Category Archives: Supporting Other Writers

You’ve got to enter to win.

You’ve got to enter to win – and Suzanne Blaney’s Impressionism: Inspiration & Evolution got runner up in San Francisco Book Festival Awards. I’ve helped a few authors with their books, but so far as I know, Suzanne Blaney is the first to enter her book into a contest. (Thank you, Suzanne.) This is an especially big deal because this contest was open to all publishers – not just indies.

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After Claude Monet (French, 1840 – 1926), The Houses of Parliament, Sunset, 1903, oil on canvas, Chester Dale Collection 1963.10.48

I edited, designed the interior and cover, and coached Suzanne through the self-publishing process. She had worked on this book for years and I pushed her to do more to make it better. We were happy with the final result when we got the paperback from Amazon, but getting this award is really nice validation.

Of course you won’t always win, but if you don’t enter you definitely won’t.

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Fried Computer Sequel

So, the computer fried Monday, April 15. On that Friday I got a SATA cord and was happy to find my data still on the hard drive – since I foolishly had not backed up regularly. I also joined Sam’s Club and ordered a new laptop.
 
That evening I went to a village event where they gave away a bunch of raffle tickets to deposit with various merchants. Monday I got a phone call that I’d won a laptop. At first that seemed ironic, but it’s refurbished and, while it is better than what I was using, it’s not what I need for work. One of my sons will end up with it. At least it felt less like the tech gods were angry at me.
 
However, it took another week to get all my data downloaded from the salvaged hard drive to another external drive. You see, I’d had two external drives that I was supposed to be using for weekly backups. I got everything copied onto one and took it to the safety deposit box. Then I started copying files onto the second. It wouldn’t take a file with files within files as a whole – I had to go in and copy them one layer at a time. And when I went back, there were files I thought I’d copied that weren’t, so maybe I was thinking of putting them on the drive at the bank. I thought I was losing my mind when I seemed to be uploading the same files a third or fourth time… until I realized it was the drive, not me. Maybe there’s one tech god still playing with me?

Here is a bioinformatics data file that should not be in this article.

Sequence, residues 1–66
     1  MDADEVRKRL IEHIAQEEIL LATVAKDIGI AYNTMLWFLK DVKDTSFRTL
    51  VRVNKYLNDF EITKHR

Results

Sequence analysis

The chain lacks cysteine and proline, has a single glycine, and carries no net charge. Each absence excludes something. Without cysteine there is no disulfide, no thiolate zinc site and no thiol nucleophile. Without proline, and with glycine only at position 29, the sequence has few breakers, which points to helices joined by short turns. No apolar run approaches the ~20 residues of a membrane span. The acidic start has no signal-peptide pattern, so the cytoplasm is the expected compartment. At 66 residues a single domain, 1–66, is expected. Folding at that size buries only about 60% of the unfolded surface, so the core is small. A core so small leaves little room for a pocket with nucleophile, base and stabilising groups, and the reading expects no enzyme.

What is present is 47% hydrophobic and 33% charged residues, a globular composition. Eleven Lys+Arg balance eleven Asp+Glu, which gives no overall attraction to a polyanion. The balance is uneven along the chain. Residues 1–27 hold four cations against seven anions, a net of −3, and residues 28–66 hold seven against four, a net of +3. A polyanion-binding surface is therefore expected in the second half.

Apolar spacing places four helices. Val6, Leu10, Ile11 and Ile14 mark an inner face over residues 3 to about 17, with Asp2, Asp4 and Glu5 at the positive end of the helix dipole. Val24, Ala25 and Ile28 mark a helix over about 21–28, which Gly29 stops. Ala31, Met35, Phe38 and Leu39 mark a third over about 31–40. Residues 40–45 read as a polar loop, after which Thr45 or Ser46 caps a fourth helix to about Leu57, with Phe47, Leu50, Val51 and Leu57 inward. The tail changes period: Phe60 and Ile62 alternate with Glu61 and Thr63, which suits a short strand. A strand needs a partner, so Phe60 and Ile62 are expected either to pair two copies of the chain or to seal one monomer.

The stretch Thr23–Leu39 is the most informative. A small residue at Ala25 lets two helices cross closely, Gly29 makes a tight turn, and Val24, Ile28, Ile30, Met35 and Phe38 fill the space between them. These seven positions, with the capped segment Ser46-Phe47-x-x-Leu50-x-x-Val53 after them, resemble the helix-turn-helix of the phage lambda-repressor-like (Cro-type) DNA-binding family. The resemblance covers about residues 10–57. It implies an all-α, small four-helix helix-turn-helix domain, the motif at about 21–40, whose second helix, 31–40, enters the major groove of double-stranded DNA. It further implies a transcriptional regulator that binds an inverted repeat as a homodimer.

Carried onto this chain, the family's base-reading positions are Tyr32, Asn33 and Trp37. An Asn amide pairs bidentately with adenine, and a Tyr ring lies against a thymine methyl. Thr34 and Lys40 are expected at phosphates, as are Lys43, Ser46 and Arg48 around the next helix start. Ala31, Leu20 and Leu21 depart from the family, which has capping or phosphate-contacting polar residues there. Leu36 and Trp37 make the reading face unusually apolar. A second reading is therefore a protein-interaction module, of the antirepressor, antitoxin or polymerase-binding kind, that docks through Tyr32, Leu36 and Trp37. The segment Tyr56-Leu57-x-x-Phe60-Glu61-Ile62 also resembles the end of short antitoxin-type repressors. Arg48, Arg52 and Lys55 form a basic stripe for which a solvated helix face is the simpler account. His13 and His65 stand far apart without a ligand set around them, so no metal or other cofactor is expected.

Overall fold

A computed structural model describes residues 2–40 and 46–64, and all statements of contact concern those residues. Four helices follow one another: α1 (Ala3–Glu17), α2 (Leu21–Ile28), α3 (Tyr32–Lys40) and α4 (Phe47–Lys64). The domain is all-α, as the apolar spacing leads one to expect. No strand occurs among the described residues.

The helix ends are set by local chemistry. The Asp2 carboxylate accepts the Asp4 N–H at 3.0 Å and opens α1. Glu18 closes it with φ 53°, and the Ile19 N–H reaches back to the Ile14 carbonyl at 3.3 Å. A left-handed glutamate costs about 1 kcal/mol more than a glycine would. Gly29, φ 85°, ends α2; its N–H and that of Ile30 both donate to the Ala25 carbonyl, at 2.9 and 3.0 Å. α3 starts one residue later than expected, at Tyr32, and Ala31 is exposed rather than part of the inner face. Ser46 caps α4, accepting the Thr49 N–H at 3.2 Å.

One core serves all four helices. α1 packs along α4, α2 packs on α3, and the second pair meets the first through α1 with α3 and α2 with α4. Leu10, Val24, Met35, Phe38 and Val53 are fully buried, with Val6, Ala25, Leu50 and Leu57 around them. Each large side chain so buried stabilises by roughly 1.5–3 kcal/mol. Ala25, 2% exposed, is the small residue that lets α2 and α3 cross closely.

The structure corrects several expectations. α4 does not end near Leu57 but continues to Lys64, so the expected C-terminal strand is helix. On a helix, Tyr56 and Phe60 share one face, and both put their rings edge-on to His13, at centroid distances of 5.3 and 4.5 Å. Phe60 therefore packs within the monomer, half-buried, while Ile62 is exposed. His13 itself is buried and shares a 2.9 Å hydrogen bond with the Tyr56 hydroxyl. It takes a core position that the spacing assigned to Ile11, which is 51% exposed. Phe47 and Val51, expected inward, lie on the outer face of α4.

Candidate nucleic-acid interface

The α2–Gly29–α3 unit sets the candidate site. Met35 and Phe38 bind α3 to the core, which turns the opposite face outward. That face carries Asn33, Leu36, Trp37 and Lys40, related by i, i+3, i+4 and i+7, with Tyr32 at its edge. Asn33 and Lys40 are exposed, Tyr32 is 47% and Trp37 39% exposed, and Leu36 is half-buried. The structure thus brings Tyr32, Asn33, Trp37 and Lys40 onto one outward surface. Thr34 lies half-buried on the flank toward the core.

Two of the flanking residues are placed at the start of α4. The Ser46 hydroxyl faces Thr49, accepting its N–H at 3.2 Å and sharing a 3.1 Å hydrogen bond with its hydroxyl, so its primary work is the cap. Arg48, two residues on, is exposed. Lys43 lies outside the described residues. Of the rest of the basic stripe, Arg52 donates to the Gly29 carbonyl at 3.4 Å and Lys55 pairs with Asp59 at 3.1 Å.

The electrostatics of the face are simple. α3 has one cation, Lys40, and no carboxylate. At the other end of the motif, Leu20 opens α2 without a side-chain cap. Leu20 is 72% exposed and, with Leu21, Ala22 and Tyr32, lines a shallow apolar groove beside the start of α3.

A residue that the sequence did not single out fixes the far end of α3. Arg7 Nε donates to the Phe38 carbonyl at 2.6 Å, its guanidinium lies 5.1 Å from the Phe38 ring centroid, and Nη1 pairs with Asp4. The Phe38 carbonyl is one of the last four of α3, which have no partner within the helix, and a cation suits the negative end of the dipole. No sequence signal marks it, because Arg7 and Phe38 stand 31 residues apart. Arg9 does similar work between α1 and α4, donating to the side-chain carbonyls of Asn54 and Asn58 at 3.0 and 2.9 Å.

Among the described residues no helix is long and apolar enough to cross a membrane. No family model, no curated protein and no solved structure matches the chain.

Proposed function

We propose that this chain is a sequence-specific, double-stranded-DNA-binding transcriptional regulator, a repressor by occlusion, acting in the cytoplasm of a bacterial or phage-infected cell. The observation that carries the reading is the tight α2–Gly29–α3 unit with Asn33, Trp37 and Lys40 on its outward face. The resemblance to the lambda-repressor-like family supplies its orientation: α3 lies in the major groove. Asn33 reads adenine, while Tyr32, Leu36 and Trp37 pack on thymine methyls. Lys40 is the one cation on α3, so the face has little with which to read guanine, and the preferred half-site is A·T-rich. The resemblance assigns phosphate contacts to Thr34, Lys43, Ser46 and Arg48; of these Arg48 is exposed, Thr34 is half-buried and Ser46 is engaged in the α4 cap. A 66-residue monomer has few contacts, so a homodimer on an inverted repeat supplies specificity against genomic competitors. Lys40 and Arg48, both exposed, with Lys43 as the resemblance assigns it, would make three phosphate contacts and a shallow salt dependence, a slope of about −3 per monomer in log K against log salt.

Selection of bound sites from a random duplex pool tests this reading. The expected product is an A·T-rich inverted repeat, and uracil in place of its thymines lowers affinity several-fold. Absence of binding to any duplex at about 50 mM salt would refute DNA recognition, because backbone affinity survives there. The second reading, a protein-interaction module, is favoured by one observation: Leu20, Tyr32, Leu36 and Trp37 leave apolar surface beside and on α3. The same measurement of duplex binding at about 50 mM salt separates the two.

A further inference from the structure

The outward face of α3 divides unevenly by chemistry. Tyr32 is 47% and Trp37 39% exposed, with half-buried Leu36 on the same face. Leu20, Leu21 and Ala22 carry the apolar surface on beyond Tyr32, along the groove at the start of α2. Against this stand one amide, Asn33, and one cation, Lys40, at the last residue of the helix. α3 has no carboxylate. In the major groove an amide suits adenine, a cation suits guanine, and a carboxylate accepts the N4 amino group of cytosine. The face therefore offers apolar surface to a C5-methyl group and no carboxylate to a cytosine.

Two weeks out, I had the data copied onto one external drive and my new computer arrived. It took another week with lots of time with Microsoft and Adobe techs to get my software onto the new machine and updates downloaded and adjustments made to the computer software by Microsoft. (There may be a few more of those coming – still having some issues with File Explorer.) I actually started working again Friday, May 3.
 
I’m limiting how much I actually keep on the computer now. Some will go to the cloud, though I’m trying to keep that limited for privacy reasons. Folders with things I’m actively working on will be saved to a thumb drive and that will be rotated each week. All the background stuff is on the hard drive in the safety deposit box and on the hard drive from the fried computer. I’m getting a case for that and keeping it at home.